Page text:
Along with gift exchanges and eggnog giggles with loved ones, listening to Handel’s Messiah has become a Christmas staple for me. Especially in recent years, I repeatedly listen to this masterpiece of a work, my interest for it never wavering. Even after singing it several times and watching a number of performances, I have yet to tire of the soaring harmonies and elegant solos.

Grand River Philharmonic: This year, I’m looking forward to Messiah as performed, in an annual tradition going back decades, by the Grand Philharmonic Choir in Kitchener. With orchestral accompaniment by the Kitchener-Waterloo Symphony, the concert will be conducted by Mark Vuorinen and will feature soloists, soprano Mireille Asselin, mezzo-soprano Maude Brunet, tenor Asitha Tennekoon and baritone Samuel Chan. Choosing to see this particular version is part of my quest to broaden my knowledge of the choirs around me, and attend concerts outside of the Greater Toronto Area. Their Messiah will be held at the Centre in the Square in Kitchener, Ontario on December 7. Ever the one to want to introduce the Messiah to new ears, I have gifted a ticket to a friend of mine who (aside from knowing the “Hallelujah” chorus) has never listened to the work in its entirety. 

Read more: Handel's Messiah and the Glee Effect

Choral music is not one of life’s frills. It’s something that goes to the very heart of our humanity, our sense of community, and our souls.” – John Rutter

Some of my earliest memories of community are from being a member of choir. It has always held great prominence in my life. A few weeks ago, I watched a short YouTube video from J.W. Pepper of an interview with John Rutter, a renowned composer of choral music. Although the clip is only a few minutes long, his words resonated with me, for he spoke so eloquently and profoundly of the significance of choir.

My Introduction to the Choral World

I was seven years old when my family immigrated to Canada. Shortly after settling down in Toronto, my mother became involved with the choir of our then-community church as their pianist. Soon after, she encouraged my sister and me to join it. In addition to singing in church, my sister and I also became members of a choir called VOCE, a children’s choir affiliated with the Toronto Catholic District School Board. The rehearsals were held at Cardinal Carter Academy for the Arts. (We would go on to attend the high school a few years later.)

Because I was considerably younger than the other members of the church choir, attending rehearsals weekly was something I did primarily because of my mother. However, being part of VOCE, with other singers my own age, was a completely different experience. As Rutter says during the interview, “When you get together with a group of other singers […] all of those people are pouring out their hearts and souls in perfect harmony.” I felt at ease in choir as I mingled with like-minded children; all of us bonding over music, learning our parts together, competing for solos but also supporting one another. I remember having a lot of fun.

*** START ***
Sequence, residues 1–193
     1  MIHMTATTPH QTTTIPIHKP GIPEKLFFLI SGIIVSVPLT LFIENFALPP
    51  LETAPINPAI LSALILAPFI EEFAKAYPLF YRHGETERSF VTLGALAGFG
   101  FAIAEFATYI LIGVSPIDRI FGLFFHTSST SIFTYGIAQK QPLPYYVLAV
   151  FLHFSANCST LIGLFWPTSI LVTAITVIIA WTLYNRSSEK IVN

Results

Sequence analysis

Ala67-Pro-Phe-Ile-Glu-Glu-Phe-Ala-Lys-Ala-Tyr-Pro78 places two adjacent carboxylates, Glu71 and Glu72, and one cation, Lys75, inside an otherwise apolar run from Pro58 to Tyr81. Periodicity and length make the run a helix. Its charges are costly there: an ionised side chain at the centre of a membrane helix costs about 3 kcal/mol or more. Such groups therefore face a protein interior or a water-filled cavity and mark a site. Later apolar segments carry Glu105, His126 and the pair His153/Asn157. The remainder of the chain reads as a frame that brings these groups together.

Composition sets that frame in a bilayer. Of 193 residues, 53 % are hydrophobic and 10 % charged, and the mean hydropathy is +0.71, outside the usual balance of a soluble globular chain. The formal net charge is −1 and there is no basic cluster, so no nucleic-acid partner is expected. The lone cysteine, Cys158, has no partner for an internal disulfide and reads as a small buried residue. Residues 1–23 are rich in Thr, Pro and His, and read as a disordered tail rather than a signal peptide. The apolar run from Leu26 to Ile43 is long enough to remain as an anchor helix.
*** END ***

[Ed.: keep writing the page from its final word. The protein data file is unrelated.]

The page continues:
Carol Woodward RatzlaffChoral Community and Inclusivity

I recently was affiliated with VIVA! Youth Singers of Toronto, as I worked part-time with them and sang with their Main Chorus. Founded in 2000, VIVA! is a welcoming space inclusive to singers with disabilities. After listening to the Rutter video, I was moved to discuss this theme of community with someone deeply rooted in the choral scene, so I reconnected by email with Carol Woodward Ratzlaff, founder of VIVA!, to get her perspective both as a conductor and a chorister.

When schools started eliminating arts programming 20 years ago, Ratzlaff, who was working for the Toronto District School Board at the time, felt she needed to turn to the private sector to respond. She tells me: “We need to work to inform education leaders and those in government of the personal advantages, educational benefits and holistic impact of arts opportunities. Too often, adult-centred economic concerns inform educational outcomes. I was aware of many other excellent private-sector choral experiences in the GTA, but I was not focused on what the market was already providing; it was not a business response. I was motivated by the fact that there were many children (as well as youth and adults with disabilities) who were not being provided with opportunities to sing and to create beautiful music together.” Ratzlaff’s words resonate strongly with Rutter’s. As he states: “Politicians need to take note […], and our educators, those who decide education budgets, church budgets, just need to remember [choral music is] not a frill.”

Ratzlaff’s first experiences in choir were from middle school in St. Catharines ON. Since then, she has sung with several esteemed choirs, including the Elmer Iseler Singers and the Toronto Mendelssohn Choir. She shares: “Choral singing has been one of the great joys of my professional and personal life. I am temperamentally suited to group singing and collaborative creative work. I am particularly intrigued by the rich connections that are fostered between choristers themselves, between choristers and audience, and the changing role of the conductor in this landscape.”